Saturday, September 20, 2008

Not Greed, Not Corruption, Regulation Is The Villan

"Mark To Market"

If you've read my posting recently you've probably noticed a continuing issue ranted about.  Most of our politicians are not steeped in economics, let alone business, but they are steeped in demagoguery.  As a result they spew forth populist rhetoric filled with vitriol and ....nonsense.

John McCain and Sarah Palin have gone on about greed and corruption on Wall Street, while Barack Obama has blamed it all on Republican and lobbyists.  Neither is correct.  The villain is the legislation and regulations put in place the last few years by our legalistic Representatives.  The  Sarbanes-Oxley Act not only put an excess managerial burden and cost on US businesses, but drove a significant portion of the Securities industry to London in order to escape this burdensome regulation.  And now the "mark to market" requirements imposed by FASB and the SEC has been the accounting equivalent of the Ebola virus, cascading through the financial markets.  John Berlau, in today's Wall Street Journal, casts more light on this requirement's role in the crisis.  Secretary Paulson should reassess his position on changing this toxic regulation.

The method of disease transmission is still somewhat of a mystery. The latest mortgage delinquency rate is just 6.4% -- historically high, but not anywhere close to the mortgage default rate of over 40% in the depths of the Great Depression.
Helping to spread the contagion is a relatively new accounting method called "mark to market." For decades, lenders used historical cost accounting, meaning that a loan would be booked at its cost at the time it was made. Payments would be recorded as they came in, and the book value of the loan would only change if it was sold or became impaired, perhaps because of default.
The pressure to change this method came after the collapse of U.S. savings and loans in the 1980s, and the Japanese banking crisis of the '90s. Regulators and accounting bodies argued that traditional accounting allowed banks to "hide" bad assets on their books, and that financial instruments needed to be valued based on what they would trade for in a market today.
So over the past decade, various mark-to-market accounting rules became part of the official U.S. Generally Accepted Accounting Principles (GAAP), and began to be required by the Securities and Exchange Commission, bank regulatory agencies, credit rating agencies and in the Basel II international framework for measuring bank solvency.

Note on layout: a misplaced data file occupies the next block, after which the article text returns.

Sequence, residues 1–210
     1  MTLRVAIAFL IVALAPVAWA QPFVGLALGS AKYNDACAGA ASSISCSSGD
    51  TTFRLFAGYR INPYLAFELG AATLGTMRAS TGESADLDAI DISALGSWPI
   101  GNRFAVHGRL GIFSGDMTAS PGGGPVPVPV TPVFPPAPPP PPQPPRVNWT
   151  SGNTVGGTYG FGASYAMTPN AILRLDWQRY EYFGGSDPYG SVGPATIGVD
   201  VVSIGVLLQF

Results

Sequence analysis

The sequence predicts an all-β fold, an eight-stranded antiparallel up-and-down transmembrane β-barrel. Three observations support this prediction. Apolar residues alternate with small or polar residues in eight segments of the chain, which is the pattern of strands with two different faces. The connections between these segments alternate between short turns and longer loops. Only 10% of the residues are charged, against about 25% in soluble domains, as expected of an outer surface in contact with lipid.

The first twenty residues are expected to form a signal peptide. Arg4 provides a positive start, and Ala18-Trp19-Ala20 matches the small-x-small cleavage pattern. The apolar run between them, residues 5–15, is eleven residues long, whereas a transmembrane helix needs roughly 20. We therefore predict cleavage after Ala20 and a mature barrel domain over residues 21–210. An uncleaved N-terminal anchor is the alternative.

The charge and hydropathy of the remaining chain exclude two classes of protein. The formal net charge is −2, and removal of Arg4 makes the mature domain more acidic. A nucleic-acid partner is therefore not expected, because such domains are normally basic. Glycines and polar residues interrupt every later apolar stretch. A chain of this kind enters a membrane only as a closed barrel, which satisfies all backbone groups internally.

This supposed "reform" is exacerbating the current crisis. Markets for individual loans are still much thinner than for stocks and bonds. The market for securitized loans with unique features is even thinner, and a disruptive event can cause these markets to virtually disappear. As a result, if a highly leveraged bank sells a mortgage-backed security at a steep discount, this becomes the "market price."
Financial Accounting Standard 157, which U.S. regulatory agencies put into effect last November, requires accountants to look at market "inputs" from sales of similar financial assets even if there isn't an active trading market. That means that less-leveraged banks holding mortgages that haven't been impaired often have to adjust their books based on another bank's sale -- even if they plan to hold their loans to maturity. Yale finance Prof. Gary Gorton wrote in a paper presented last month at the Federal Reserve's summer symposium: "With no liquidity and no market prices, the accounting practice of 'marking-to-market' became highly problematic and resulted in massive write-downs based on fire-sale prices and estimates."
These write-downs, based on accounting standards, can jeopardize balance sheets and solvency -- much like a spreading contagion. In effect, a single bank's fire sale can decrease the "regulatory capital" (or the total dollar value of assets that government regulations require banks and other financial institutions to keep as a reserve to immediately make good on their obligations to depositors and other creditors) of others. So "partly as a result of GAAP capital declines, banks are selling . . . billions of dollars of assets -- to 'clean up their balance sheets,'" notes Mr. Gorton, creating a "downward spiral of prices, marking down -- selling -- marking down again."
These rules also affect credit insurance of the type that AIG was providing. As Barron's reported earlier this year, because of the ongoing fire sales of mortgage instruments, "accountants were forcing AIG to boost its fourth-quarter write-down of the value of its credit insurance on a large mortgage security portfolio from $1.6 billion to $5.2 billion." Barron's also noted that AIG was "likely looking at even bigger mark-to-market hits" later on.
Treasury Secretary Henry Paulson has pushed through many creative measures attempting to shore up the financial system. But he won't budge on mark-to-market accounting. "I think it's hard to run a financial institution if you don't have the discipline which requires you to mark securities to market," he declared in a speech at the New York Public Library in July. Financial firms, he said, shouldn't expect much relief.
But relatively simple changes to mark-to-market rules, like suspending the rules for illiquid but performing loans if a firm meets other solvency requirements, would lead to more accurate information and could quell demands for more "emergency" bailouts such as that of AIG. This kind of reform should be a top priority of any new administration promising "change."



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